by Barry Rubin
How do leading Arab forces view the
If treated properly, however, such primary materials are a gold mine for comprehending world views, the situation, and probable responses. Al-Sharq al-Awsat is probably the most interesting Arabic-language newspaper today. It is Saudi-owned, London-based, and the closest thing to a liberal daily. Still, though, it reflects Saudi elite viewpoints.
The newspaper's editor, Tariq al-Homayed, in a February 18 article, sees the region heading toward war, and he is far from alone in doing so. What he says is extraordinarily important even if—especially if—one doesn't take it literally.
In the words of the MEMRI translation:
"The notable thing is that [Iranian President Mahmoud] Ahmadinejad threatens
"If a war breaks out, it will be an Iranian war, and
Note especially that last phrase. If the
Of course, portraying themselves always as victims is a mainstay of the general Arab world view. It reflects a desire to let others do the work of solving problems and to provide an excuse to ask for concessions without making any of their own. But the same argument also reflects a sense of weakness, division, and genuine helplessness. In this case it also highlights the remarkable fact that there is not any Arab state with real regional power or even any Arab regime with considerable influence outside its own borders.
Consider the parallel argument made by the editor of al-Goumhouriyya, Muhammad Ali Ibrahim, February 18. That newspaper is usually the most outspoken of the trio of state-controlled Egyptian dailies and since Ibrahim is also a member of parliament for the ruling party he really reflects government opinion. As MEMRI translates it:
"One can envision the region as a chessboard with white and black pieces moving across it...As everyone knows, chess is a game played by two opponents, but in the Middle East, Iran is playing against a very formidable rival [consisting of] the U.S. and Israel…."
The players are the
Following his newspaper's usual line—which is more
He says the United States wants war because it will then "sell advanced weapons to the countries of the region, to impose its air defense umbrella on the Gulf states, and to determine oil prices independently of OPEC...."
What is interesting about this point is not that it is accurate but that it shows—along with a mountain of other evidence--that the presence of President Barack Obama has made zero difference in the Arab view of the United States. It is just business as usual as far as they are concerned. Americans often have no notion of how little real change relates to the president, his strenuous efforts at—depending on your viewpoint—empathy or appeasement, and his alleged popularity.
[Speaking of which I can't resist inserting here a point which I was telling you about a year ago but which even the New York Times has finally had to acknowledge:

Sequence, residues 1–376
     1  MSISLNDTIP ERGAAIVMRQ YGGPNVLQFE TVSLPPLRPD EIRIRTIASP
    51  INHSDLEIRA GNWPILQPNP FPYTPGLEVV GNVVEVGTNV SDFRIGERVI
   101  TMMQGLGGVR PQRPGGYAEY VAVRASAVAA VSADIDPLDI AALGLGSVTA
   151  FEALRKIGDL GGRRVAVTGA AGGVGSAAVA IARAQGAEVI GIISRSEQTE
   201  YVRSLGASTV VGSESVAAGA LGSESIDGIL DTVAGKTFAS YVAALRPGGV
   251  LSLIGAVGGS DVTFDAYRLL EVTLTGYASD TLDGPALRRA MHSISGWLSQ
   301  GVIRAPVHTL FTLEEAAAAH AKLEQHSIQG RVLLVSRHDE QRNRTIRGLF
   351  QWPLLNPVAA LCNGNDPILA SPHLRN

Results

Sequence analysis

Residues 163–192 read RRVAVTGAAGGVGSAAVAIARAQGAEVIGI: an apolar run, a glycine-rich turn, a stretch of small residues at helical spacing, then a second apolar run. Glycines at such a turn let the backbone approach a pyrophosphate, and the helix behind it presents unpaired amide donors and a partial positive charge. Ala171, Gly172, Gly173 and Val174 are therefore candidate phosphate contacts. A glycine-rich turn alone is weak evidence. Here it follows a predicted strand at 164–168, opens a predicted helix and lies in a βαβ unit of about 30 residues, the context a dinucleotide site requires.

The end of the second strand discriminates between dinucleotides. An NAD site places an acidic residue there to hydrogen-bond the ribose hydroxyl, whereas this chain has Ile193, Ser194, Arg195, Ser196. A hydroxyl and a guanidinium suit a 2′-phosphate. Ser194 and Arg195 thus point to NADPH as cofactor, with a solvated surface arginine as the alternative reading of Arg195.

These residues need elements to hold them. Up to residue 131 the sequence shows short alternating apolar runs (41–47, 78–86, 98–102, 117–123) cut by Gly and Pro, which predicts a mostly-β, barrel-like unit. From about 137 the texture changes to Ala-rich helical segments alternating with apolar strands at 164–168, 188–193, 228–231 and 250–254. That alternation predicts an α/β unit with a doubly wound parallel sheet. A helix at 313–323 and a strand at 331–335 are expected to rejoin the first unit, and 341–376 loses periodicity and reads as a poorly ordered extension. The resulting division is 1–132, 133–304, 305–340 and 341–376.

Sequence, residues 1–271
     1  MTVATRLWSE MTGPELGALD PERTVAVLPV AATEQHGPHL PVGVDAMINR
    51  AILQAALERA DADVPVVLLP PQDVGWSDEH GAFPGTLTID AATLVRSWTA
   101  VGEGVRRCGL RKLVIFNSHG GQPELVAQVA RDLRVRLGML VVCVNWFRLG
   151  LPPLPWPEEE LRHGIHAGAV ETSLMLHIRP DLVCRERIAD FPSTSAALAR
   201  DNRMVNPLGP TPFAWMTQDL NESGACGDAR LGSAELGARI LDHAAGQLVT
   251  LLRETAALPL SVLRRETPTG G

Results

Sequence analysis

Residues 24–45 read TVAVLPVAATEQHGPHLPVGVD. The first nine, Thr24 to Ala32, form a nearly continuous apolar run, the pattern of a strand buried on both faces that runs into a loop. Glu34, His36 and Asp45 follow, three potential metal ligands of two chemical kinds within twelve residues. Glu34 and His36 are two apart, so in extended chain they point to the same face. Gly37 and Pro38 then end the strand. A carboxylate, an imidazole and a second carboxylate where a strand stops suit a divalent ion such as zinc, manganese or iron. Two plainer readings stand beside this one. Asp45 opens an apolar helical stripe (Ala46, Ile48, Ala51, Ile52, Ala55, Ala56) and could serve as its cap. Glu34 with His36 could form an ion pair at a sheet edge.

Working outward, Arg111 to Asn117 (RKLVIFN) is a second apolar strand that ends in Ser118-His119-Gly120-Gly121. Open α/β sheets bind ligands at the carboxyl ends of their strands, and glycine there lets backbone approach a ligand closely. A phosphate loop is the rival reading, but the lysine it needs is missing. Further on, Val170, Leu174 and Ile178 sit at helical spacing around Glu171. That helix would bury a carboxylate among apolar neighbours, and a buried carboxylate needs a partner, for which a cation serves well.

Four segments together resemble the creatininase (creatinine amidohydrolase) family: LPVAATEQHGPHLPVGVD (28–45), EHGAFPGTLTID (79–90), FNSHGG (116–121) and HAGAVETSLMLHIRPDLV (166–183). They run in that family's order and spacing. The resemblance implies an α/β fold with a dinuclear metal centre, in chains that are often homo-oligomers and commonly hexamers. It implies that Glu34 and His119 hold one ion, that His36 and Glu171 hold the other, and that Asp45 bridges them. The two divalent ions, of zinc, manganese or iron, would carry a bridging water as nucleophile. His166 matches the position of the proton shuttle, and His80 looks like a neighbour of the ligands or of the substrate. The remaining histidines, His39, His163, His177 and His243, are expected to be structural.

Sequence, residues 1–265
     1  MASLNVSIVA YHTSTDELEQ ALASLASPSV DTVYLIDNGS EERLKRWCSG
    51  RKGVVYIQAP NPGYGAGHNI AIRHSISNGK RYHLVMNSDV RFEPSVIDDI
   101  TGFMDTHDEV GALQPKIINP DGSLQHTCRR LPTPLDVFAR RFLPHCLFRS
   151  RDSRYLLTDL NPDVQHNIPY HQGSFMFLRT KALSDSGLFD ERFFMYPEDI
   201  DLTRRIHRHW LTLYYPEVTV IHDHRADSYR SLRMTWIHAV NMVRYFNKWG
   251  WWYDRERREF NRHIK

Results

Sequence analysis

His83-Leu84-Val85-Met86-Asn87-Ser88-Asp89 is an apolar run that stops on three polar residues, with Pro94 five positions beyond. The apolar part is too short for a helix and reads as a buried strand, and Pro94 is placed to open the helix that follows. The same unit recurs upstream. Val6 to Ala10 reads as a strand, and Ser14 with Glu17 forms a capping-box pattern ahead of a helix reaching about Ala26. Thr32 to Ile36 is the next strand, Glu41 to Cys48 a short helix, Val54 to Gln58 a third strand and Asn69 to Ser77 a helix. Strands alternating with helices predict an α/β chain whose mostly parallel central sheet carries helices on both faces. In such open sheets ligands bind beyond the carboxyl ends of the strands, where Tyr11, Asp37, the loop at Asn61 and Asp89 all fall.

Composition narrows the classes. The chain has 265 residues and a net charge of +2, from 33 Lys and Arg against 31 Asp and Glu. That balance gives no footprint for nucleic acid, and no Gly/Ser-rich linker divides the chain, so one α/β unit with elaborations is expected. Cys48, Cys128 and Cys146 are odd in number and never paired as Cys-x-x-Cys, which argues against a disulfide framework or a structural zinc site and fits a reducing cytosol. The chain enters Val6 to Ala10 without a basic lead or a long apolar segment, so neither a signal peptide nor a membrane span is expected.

"The probable loss of the Dutch contingent and the continuing resistance to significant increases in manpower by other allies [in Afghanistan] demonstrate the extent to which the dividend expected from the departure of President George W. Bush, who was so unpopular in capitals across the Atlantic, has not materialized, despite Mr. Obama's popularity in Europe.
"`The support for Obama was always double-faced,'" said Stefan Kornelius, foreign editor of the German newspaper Süddeutsche Zeitung. `It was never really heartfelt. People loved what they heard, but they never felt obliged to support Obama beyond what they were already doing.'"]
Finally, the Arab editors both see two very different aspects to such a war. On one hand, it will be an aerial battle in which cruise missiles and bombs will fall on
--Any conflict, no matter how it starts, would bring some involvement by Hamas, Hizballah, and
That's why the idea that the West can "contain"
It's easy to find parallels. In the 1950s, Egyptian President Gamal Abdel Nasser became a hero across the region and mobilized supporters everywhere merely by nationalizing the
Later on, during the late 1960s and through the 1970s, came various experiments with Marxism, the PLO, and with radical Arab nationalist regimes in
During the 1980s, the Iranian revolution seemed to pose the model for upheaval but it was handicapped by being Persian, Shia Muslim, and involved in conflicts with Arab states that led to the Iran-Iraq war.
After that it was Saddam Hussein's turn in 1990, until he was defeated the following year. If a U.S.-led coalition hadn't gone in and thrown him out of
Usama bin Ladin had his shot in 2001 but didn't go anywhere after his initial big splash. He was chased out of
Now it is going to be the Age of Ahmadinejad and the Egyptians, Saudis, Jordanians, and others know that this involves far more than getting a nuclear umbrella. Either there will be a shooting war or, more likely, a combat conducted through subversion, terrorism, mass hysteria, and serious efforts at revolutionary upheaval.
Meanwhile, in the West, the debate continues of whether to have sanctions; precisely what weak and useless sanctions to impose; or how easily it will be to "contain" Iran through a few sentences of speech by a president not noted for his strength or readiness to use force along with a few military units in the Gulf.
The threat far outweighs the response.
Barry Rubin is director of the Global Research in International Affairs (GLORIA) Center and editor of the Middle East Review of International Affairs (MERIA) Journal.
Copyright - Original materials copyright (c) by the authors.